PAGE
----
Alumni Aren't Lost & They Don't Need Greeters.

Recently, Walmart announced it is getting rid of its venerable welcome greeters. There are multiple facets to this change, and clear implications for real people and their jobs, but what interests me is the “why,” because therein lies a lesson for education fundraising.

For many years, the alumni relations function of advancement has been more or less a “welcome greeter” for graduates, the friend-raising arm of fundraising efforts that offers a warm smile and invitation to reconnect with the campus. The problem is - just like Walmart customers - alumni don’t need to connect with anyone at the door. They’re busy living their own lives, and if they ever need anything from their alma mater, chances are they’ll figure out how to get it on their own. 

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Schools don’t need alumni ambassadors to build relationships with their graduates any more than Walmart needs greeters to get to know its customers.

Let me explain.

Generally speaking, colleges and universities do a poor job of recognizing who alumni are today, where they are (literally and figuratively speaking), and what they’re doing. The legacy relational databases of advancement do a great job storing former student information, but are just awful at tracking the things that really matter, like alumni employment, interests, digital interactions, and life events. Yet, these are the very types of data that consumer and retail brands rely upon to build meaningful relationships their customers. So why don’t colleges and universities leverage these same strategies to engage alumni?

To be effective at engaging alumni, schools need better data.

There’s no easy answer to that question, but there are some simple solutions to improve the quality and quantity of alumni data:

  1. Access the wealth of alumni data on LinkedIn. Find a trusted vendor to scrape real-time alumni employment, location, and contact data from LinkedIn. For most schools, around 70-80% of alumni will already have a LinkedIn profile. That’s a lot of low-hanging-fruit. Check out a case study on the impact of importing alumni profile photos at LiveAlumni.com.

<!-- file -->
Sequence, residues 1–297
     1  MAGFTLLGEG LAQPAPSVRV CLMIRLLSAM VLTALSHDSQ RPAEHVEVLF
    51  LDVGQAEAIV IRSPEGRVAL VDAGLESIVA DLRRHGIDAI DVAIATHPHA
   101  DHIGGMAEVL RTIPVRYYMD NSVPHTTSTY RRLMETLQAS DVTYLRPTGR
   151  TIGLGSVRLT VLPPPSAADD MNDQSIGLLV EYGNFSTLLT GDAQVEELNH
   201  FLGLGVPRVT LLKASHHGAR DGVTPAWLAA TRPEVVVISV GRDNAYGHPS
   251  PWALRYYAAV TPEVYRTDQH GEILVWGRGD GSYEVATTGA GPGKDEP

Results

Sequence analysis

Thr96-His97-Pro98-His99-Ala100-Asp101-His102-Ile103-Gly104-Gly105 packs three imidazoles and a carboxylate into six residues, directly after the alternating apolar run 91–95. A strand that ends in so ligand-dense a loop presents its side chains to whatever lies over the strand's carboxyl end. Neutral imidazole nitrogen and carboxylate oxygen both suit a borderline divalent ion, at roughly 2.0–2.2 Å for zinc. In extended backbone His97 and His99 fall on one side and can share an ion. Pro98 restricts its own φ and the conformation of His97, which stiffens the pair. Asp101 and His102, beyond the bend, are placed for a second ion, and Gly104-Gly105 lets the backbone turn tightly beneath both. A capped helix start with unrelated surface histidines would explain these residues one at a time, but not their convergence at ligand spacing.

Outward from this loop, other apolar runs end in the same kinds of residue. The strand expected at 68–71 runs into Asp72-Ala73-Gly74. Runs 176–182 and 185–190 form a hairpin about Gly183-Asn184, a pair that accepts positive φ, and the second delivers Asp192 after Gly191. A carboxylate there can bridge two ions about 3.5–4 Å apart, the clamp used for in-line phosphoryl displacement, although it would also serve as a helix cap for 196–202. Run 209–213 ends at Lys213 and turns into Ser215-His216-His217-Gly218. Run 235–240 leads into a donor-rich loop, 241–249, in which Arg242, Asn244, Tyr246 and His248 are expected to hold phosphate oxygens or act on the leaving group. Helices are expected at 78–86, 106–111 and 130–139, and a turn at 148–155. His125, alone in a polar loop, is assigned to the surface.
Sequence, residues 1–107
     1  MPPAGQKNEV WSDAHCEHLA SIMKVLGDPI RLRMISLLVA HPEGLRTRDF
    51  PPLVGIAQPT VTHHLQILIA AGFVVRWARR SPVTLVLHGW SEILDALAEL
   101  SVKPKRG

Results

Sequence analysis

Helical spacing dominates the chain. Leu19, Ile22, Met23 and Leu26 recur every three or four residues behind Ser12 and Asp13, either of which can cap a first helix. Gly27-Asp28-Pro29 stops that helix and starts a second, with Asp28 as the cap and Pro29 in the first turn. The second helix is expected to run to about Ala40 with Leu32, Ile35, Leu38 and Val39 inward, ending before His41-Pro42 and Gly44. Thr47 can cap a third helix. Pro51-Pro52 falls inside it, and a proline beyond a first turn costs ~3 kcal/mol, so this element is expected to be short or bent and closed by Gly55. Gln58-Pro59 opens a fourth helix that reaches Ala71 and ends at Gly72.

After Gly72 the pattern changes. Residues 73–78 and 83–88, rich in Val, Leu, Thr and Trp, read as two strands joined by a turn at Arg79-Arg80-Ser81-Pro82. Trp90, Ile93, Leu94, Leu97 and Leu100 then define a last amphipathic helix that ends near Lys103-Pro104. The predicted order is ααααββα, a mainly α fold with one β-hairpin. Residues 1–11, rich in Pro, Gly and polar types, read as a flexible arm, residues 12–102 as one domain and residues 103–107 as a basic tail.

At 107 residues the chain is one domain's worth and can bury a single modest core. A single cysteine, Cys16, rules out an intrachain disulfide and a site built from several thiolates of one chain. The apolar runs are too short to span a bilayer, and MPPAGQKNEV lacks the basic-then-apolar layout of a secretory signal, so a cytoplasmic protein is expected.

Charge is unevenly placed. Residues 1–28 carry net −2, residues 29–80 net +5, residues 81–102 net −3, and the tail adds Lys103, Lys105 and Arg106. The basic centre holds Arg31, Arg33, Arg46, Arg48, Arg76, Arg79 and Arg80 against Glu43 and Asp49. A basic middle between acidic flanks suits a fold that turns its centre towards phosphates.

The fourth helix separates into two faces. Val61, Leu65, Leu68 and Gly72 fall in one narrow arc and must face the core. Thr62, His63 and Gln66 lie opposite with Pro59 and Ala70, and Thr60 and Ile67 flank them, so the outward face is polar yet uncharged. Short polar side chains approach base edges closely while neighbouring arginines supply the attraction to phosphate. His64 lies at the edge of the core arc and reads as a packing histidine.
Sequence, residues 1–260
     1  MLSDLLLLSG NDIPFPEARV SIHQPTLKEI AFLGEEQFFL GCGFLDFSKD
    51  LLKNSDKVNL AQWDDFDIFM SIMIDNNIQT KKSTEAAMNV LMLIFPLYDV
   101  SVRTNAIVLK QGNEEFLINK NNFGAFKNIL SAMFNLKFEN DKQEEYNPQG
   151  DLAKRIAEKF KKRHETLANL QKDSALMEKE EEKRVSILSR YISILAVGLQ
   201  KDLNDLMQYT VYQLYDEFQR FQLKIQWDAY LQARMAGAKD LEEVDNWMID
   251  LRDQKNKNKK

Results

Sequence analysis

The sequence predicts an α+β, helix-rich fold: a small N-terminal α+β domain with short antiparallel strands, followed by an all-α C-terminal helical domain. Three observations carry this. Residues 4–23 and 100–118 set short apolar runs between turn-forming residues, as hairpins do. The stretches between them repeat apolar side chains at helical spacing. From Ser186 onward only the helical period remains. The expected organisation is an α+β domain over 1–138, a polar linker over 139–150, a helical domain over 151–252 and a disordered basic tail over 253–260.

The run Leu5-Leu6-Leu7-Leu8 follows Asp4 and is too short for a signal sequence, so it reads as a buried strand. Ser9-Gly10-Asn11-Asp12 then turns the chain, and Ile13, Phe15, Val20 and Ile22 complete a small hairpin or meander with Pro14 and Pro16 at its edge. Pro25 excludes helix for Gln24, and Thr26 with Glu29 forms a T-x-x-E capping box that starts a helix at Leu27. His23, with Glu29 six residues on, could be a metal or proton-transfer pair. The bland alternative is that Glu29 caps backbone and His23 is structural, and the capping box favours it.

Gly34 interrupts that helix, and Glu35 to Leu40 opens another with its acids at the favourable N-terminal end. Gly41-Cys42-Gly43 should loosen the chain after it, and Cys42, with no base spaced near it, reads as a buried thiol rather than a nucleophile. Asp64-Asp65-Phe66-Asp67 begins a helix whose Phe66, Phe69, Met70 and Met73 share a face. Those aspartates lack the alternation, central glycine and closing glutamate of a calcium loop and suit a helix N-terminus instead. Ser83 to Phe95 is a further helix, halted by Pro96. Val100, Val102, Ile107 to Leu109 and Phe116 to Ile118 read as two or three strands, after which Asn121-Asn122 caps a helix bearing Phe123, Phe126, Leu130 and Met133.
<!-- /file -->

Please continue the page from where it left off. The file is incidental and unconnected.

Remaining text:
2. Track digital engagements with alumni. Partner with a company that can give you the names of alumni who follow, like, or comment on social media posts. Even with all the concerns around privacy, this can be done ethically and accurately, and it will pay dividends. New research in higher education philanthropy has shown that a single digital engagement can be just as powerful as event attendance in predicting giving. Read up on this empirical study on the EverTrue blog.

  3. Find a relational database that works. You’re probably stuck with the database of record that’s used by everyone on your campus, but that doesn’t mean you can’t layer a true Customer Relations Management solution on top. Take a look at the architecture of Almabase.com (for small shops) or Salesforce.org (for big schools).

Whether you work at a growing advancement team or a larger organization, the data you need to connect with alumni is out there, you’ve just got to look in the right places. Just don’t get stuck in the old ways of thinking.

A smile and a handshake is no longer the barometer of good alumni engagement.

After all, the world’s largest employer just got rid of the job they had created to do just that.

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Jay Dillon1 Comment